I don’t have much time to write, because I’m leaving for L.A. in an hour–I’m going to be on The Talk
on Tuesday, which will be a lot of fun. Tune in! I’ll also get to see my sister and her family, which will be a real treat.
I was very intrigued by this observation in Jennifer Senior’s piece in New York magazine, Why You Truly Never Leave High School:
Give a grown adult a series of random prompts and cues, and odds are he or she will recall a disproportionate number of memories from adolescence. This phenomenon even has a name–the “reminiscence bump”–and it’s been found over and over in large population samples, with most studies suggesting that memories from the ages of 15 to 25 are most vividly retained.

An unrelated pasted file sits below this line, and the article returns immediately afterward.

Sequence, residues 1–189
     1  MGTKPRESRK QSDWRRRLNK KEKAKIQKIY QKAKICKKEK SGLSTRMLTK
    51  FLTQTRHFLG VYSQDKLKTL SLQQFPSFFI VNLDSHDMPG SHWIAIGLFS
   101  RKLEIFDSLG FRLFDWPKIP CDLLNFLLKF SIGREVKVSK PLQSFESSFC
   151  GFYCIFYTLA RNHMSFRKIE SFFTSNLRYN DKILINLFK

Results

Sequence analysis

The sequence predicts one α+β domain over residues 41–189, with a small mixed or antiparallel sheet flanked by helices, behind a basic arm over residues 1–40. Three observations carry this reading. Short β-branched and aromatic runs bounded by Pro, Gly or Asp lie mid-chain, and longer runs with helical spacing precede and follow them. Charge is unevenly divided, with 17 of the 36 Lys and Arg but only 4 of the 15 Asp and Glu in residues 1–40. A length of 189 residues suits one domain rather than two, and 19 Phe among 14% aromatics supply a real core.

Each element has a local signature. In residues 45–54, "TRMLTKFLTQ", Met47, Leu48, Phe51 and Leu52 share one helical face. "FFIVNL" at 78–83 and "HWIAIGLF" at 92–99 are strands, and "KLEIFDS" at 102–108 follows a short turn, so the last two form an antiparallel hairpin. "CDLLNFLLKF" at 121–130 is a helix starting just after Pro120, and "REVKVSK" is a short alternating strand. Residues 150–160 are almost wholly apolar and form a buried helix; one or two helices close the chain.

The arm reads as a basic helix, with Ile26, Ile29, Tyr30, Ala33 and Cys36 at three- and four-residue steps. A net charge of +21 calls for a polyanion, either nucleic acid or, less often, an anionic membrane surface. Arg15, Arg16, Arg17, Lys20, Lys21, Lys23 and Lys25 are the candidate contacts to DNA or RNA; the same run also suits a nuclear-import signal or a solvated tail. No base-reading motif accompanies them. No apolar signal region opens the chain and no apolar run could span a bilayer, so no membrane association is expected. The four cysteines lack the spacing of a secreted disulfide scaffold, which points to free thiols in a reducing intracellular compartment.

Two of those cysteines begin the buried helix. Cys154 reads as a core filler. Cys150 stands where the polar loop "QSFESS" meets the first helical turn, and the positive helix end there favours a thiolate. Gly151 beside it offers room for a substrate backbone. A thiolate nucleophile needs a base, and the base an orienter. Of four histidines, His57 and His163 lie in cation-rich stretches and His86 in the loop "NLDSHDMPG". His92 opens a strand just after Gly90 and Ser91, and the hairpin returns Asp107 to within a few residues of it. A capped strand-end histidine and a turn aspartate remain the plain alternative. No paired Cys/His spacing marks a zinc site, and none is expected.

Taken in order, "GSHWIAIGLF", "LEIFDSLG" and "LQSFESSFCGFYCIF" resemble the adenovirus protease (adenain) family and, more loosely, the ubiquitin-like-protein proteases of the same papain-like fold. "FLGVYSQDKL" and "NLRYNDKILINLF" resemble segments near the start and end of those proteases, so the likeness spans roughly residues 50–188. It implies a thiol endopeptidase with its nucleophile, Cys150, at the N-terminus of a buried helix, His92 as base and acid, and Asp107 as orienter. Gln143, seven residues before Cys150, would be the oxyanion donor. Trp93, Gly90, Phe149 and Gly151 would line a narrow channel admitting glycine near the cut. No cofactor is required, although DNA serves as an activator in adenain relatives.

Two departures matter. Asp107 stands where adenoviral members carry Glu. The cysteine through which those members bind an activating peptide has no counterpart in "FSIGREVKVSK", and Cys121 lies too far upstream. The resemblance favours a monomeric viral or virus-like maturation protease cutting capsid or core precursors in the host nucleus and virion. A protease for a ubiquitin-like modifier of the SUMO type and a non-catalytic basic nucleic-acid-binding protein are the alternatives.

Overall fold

Fascinating! It reminded me of a passage from Robert Southey, which I quoted in Happier at Home:
Live as long as you may, the first twenty years are the longest half of your life. They appear so while they are passing; they seem to have been so when we look back on them; and they take up more room in our memory than all the years that succeed them.
According to the science, Southey was half-right.
What do you think? Do you remember certain years of your life with particular vividness? Would you say it’s from age 1-21 years, or 15-25 years, or some other period?
Is your book group reading Happier at Home or The Happiness Project? If you'd like the one-page discussion guide, just email me. Or if you're reading the books in your spirituality book group, Bible study group, or the like, ask for the spirituality discussion guide.